Share your website copy, social media company descriptions, client contracts and any other paperwork with him/her. You’ll save time and money if you do your homework first and try to fit your language within the parameters you find in informational resources. We’ll cover a bit of that here, but a lawyer will have specific guidance for you.

It’s worth incurring the upfront costs to have a lawyer give your marketing and contract materials a solid once-over. Consider it an inevitable cost of doing business. Beyond these beginning services, ask if you can continue the relationship without the outlay of a significant (or any) retainer. Some will agree after they’ve worked with a client through that initial business review.

2. Define your role with clear and client-centered terms.

You operate as a health coach, which means you offer education and support. If you have additional credentials in the nutrition or fitness fields, look at the language of those certifications. Be aware that “advice” is viewed differently from a legal standpoint than support or education is. (In some states and fields, the term education can even raise legal red flags.) Diagnosis, counseling and treatment are among the terms that carry specific legal weight and are generally reserved for certain licensed professionals.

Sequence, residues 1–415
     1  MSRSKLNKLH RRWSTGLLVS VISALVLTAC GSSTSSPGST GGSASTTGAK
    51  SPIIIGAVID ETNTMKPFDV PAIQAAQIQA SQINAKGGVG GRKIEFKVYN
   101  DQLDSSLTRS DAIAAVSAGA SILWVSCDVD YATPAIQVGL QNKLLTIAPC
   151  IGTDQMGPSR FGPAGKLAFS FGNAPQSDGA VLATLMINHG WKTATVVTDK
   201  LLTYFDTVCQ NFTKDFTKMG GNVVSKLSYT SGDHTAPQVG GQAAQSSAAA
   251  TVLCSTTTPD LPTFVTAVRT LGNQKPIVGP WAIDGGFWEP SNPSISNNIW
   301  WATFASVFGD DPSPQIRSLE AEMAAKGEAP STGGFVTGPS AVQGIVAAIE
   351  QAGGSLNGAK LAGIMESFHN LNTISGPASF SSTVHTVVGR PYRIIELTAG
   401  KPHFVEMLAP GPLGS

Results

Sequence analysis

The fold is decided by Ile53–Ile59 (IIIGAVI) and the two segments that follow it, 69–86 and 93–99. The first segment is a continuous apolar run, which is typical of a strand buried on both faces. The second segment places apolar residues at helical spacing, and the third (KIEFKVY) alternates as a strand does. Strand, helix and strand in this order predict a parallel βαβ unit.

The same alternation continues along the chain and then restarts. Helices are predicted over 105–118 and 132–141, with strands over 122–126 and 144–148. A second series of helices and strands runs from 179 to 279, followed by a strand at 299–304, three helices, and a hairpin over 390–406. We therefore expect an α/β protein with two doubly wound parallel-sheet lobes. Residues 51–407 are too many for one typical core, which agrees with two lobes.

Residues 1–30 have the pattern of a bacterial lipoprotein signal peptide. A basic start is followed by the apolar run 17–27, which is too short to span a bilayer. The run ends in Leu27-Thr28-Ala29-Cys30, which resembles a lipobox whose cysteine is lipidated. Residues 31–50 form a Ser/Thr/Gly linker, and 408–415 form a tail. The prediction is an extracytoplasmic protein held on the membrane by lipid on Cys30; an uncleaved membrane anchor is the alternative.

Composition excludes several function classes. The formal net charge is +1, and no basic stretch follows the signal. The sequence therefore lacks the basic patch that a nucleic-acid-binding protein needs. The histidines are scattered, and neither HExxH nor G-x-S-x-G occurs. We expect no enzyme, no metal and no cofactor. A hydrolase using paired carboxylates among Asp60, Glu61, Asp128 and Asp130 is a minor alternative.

This is where being client-centered in your language as well as your methodology can serve you. “We are here to help clients discern and focus their desired wellness goals and to support and organize client efforts to those aims.” Staying client-centered in your business descriptions and paperwork as well as your client conversations helps you circumvent many service-focused issues. Still, even in these cases, it’s best to get the final okay from a lawyer.

3. Know your state’s laws regarding nutrition counseling and fitness training.

Each state has the authority to define its own scope and terms that apply to health related professionals within its jurisdiction. For those coaches who provide online (or in-person) health coaching to clients in other locations, it’s critical to know these legal parameters in all states that your practice extends to.